I found a new printout of the same words as before and stuck them on the piece, I was determined to make it work. This time I would try to make the plastic backing transparent. As I was coating it with turpentine half the words rubbed off again. I couldn't believe it! This time though I gave into it and saw that I was quite pleased with the words that had remained and that they were transparent! I will, I will, I will was all that remained. I thought about how fitting it all was and that the new sentiment was even more meaningful than the original. Suddenly things were really coming together and this piece was finally heading where I had wanted it to in my heart all along. I decided I wanted to just coat the piece with walnut oil to bring out the warmth and to give it a slight sheen but nothing as heavy as before. I coated the work and watched it pop and come to life! I was so pleased that I put the piece in the sun and took a quick photo of it to share on facebook. We had been through so much together that I needed it to be seen. I couldn't wait to share the piece with Stewart when he got home! Look what I made! As well as the story behind the work, the ebb and flow of creation, the looking and learning, the lessons and the old work from the University of Oregon that was still playing a hand in what I was doing today, full circle thoughts, the materials I use out of necessity and what they give me in return, the feeling behind the work, there were so many thoughts that had rushed out to shake me during the making of this 6x6" piece that contained no painting. I was so excited!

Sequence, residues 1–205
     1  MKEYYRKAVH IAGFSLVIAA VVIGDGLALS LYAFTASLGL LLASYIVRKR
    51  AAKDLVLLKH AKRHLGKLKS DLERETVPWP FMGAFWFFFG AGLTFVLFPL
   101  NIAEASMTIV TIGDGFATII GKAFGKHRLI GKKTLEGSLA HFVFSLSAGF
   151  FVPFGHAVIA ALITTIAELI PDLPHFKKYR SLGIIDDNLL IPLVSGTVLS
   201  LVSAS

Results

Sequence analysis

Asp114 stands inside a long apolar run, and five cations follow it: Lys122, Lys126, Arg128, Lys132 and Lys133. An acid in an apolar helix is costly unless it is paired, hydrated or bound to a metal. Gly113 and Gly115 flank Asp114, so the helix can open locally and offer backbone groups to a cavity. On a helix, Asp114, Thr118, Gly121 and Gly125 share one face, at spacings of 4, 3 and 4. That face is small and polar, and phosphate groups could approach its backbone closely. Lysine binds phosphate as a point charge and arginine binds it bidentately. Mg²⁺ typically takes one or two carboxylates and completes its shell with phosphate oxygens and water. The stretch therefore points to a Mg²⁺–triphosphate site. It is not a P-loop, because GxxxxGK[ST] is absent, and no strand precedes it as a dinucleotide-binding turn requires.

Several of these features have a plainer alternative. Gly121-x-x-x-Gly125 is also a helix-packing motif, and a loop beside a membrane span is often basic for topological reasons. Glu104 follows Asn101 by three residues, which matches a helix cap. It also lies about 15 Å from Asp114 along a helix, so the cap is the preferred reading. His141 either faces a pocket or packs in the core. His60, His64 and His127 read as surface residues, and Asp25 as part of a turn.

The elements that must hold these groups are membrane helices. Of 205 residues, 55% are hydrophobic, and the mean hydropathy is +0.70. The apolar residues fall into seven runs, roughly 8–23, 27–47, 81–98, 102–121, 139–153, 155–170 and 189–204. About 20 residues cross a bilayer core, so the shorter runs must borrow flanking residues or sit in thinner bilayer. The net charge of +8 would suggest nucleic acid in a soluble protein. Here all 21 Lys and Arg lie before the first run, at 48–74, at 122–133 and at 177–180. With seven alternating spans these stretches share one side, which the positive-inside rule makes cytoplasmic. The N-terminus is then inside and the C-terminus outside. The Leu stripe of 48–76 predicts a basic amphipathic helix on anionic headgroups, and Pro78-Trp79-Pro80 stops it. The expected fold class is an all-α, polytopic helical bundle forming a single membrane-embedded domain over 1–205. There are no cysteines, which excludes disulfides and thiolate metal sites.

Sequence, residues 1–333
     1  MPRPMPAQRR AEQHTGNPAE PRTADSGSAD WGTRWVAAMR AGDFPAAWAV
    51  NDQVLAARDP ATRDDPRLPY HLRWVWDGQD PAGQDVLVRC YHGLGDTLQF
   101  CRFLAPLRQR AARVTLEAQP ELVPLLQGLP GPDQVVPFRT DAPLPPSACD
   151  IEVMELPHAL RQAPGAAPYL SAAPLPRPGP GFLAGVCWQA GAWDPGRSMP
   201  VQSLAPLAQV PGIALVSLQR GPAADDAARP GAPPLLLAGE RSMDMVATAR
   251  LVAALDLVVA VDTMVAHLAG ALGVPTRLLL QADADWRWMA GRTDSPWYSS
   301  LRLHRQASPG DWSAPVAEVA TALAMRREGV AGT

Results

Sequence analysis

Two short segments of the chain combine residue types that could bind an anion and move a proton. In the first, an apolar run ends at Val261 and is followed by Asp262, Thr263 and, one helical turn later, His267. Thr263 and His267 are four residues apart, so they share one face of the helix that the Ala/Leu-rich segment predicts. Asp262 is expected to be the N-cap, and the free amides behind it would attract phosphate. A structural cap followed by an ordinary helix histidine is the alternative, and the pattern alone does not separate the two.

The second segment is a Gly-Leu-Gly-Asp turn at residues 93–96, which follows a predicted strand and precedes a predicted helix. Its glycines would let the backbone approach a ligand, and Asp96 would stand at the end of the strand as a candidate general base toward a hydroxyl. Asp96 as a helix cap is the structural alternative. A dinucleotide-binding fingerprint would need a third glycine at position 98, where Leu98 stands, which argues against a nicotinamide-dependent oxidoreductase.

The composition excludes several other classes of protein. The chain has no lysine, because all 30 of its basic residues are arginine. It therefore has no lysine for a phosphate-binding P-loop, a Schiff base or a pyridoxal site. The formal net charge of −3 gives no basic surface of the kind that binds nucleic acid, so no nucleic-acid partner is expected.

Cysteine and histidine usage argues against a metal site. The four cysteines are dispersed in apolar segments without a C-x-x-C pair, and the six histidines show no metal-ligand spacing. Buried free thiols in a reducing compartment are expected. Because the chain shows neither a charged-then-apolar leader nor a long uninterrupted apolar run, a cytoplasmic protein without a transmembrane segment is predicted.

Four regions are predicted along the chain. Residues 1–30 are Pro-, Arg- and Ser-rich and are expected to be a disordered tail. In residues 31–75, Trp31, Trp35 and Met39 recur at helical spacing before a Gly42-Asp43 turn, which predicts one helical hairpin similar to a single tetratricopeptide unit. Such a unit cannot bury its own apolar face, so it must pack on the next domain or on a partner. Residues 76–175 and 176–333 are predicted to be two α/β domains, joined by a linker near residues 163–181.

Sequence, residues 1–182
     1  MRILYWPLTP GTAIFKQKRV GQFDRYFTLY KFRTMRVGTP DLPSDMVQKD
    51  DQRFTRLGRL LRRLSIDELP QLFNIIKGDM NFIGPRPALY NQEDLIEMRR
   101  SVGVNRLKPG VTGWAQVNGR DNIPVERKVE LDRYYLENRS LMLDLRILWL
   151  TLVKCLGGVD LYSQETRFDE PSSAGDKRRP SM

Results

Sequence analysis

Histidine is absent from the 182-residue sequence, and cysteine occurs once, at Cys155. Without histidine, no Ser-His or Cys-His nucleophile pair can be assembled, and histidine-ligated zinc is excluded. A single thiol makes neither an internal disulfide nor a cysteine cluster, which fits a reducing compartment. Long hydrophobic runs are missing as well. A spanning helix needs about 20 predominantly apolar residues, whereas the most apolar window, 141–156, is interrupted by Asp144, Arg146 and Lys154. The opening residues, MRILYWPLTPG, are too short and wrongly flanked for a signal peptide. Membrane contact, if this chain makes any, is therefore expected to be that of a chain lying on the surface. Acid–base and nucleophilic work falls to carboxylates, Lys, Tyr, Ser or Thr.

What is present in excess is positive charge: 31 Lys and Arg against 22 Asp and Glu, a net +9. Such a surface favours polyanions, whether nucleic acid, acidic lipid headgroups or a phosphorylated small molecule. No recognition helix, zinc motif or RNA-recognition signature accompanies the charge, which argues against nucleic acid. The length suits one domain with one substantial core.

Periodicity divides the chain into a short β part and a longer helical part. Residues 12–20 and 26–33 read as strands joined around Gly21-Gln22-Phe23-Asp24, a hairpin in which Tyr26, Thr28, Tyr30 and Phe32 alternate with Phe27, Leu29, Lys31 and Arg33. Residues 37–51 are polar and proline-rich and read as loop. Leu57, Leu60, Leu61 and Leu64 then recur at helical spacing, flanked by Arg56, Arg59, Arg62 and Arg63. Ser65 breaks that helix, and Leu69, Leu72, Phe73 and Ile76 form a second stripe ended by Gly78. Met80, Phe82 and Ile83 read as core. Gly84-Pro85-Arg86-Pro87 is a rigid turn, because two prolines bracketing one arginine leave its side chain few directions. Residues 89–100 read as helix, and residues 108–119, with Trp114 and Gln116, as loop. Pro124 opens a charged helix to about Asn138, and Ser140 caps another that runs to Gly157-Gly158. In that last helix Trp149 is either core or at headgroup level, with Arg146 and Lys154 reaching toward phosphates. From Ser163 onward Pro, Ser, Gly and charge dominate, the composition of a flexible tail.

And then everything changed. Again. The walnut oil had crept through the fibers of the map paper changing the shape and colors within the piece. I was crest fallen. I had already shared it with those close to me, facebook and even the gallery where it was being shipped! Oh no! Finally, I would have to accept defeat but I didn't. I coated the piece with baking soda to soak up the excess oil to stop the spread, I blotted it with paper and I let it rest to see if the creeping oil lines would creep further. They did not. I looked at the piece again and again as it told me more secrets and let me discover and accept it's changed beauty. I varnished the piece and let it rest again for the night before I documented it, this time satisfied and complete. The beauty was in the change, the decay, the layers, the scars, the struggle, the lessons and in my loyalty to the work.

I will
I will
I will

I will

mixed media 
6x6" wood panel
©2014 Megan Chapman

This is the finished piece and will be flying to Scotland soon to be part of an exhibition inspired by old maps at Little Ox gallery in Edinburgh. Stay tuned for more details...


  1. AH! Megan - this is why I love it when artists have blogs. This is exactly what I want to read about - the process. The questioning, the mistakes that lead to breakthroughs. The seemingly mundane details that reveal so much. You are also a gifted writer. I followed along on this journey and was so, so happy to do so.

    1. Alannah- it is always a gift when you stop by this old blog of mine. Don't ever forget it was you who got me blogging in the first place and I am so grateful! I am glad you enjoy the process. This was a fun blog to write, thanks for the compliment on my writing too. I was proud of this. I really appreciate your comments.